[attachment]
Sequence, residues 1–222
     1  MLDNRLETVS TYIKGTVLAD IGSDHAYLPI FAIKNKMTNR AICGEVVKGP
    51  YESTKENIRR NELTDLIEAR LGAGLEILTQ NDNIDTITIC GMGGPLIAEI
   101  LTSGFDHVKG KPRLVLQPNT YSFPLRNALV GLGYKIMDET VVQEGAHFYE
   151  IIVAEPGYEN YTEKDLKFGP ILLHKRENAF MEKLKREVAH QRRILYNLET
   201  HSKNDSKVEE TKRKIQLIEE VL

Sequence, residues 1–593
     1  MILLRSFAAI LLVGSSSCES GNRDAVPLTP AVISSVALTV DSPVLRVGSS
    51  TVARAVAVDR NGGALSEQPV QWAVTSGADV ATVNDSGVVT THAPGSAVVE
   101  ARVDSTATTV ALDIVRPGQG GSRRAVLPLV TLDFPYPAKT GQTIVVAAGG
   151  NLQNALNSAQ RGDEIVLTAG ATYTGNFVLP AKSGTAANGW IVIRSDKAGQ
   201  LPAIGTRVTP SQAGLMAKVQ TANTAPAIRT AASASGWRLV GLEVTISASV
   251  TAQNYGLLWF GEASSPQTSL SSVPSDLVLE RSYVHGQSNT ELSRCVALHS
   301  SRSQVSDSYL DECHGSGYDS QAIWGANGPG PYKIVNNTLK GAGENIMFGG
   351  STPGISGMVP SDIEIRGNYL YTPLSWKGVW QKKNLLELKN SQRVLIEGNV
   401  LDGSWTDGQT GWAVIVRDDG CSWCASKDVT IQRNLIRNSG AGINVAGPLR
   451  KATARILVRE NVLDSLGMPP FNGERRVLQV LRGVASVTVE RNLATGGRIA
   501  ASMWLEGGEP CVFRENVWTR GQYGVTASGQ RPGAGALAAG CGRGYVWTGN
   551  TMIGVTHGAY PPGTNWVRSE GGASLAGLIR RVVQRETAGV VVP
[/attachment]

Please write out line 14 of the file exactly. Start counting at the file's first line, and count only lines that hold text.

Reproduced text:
   301  SRSQVSDSYL DECHGSGYDS QAIWGANGPG PYKIVNNTLK GAGENIMFGG